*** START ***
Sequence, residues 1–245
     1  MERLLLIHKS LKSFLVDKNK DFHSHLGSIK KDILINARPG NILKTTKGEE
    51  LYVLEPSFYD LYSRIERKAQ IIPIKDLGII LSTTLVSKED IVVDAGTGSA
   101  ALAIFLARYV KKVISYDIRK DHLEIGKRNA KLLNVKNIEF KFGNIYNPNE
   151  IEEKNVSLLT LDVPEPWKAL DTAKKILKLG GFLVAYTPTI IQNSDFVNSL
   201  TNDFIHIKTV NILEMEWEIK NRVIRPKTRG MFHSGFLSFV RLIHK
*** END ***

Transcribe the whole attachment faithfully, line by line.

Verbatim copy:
Sequence, residues 1–245
     1  MERLLLIHKS LKSFLVDKNK DFHSHLGSIK KDILINARPG NILKTTKGEE
    51  LYVLEPSFYD LYSRIERKAQ IIPIKDLGII LSTTLVSKED IVVDAGTGSA
   101  ALAIFLARYV KKVISYDIRK DHLEIGKRNA KLLNVKNIEF KFGNIYNPNE
   151  IEEKNVSLLT LDVPEPWKAL DTAKKILKLG GFLVAYTPTI IQNSDFVNSL
   201  TNDFIHIKTV NILEMEWEIK NRVIRPKTRG MFHSGFLSFV RLIHK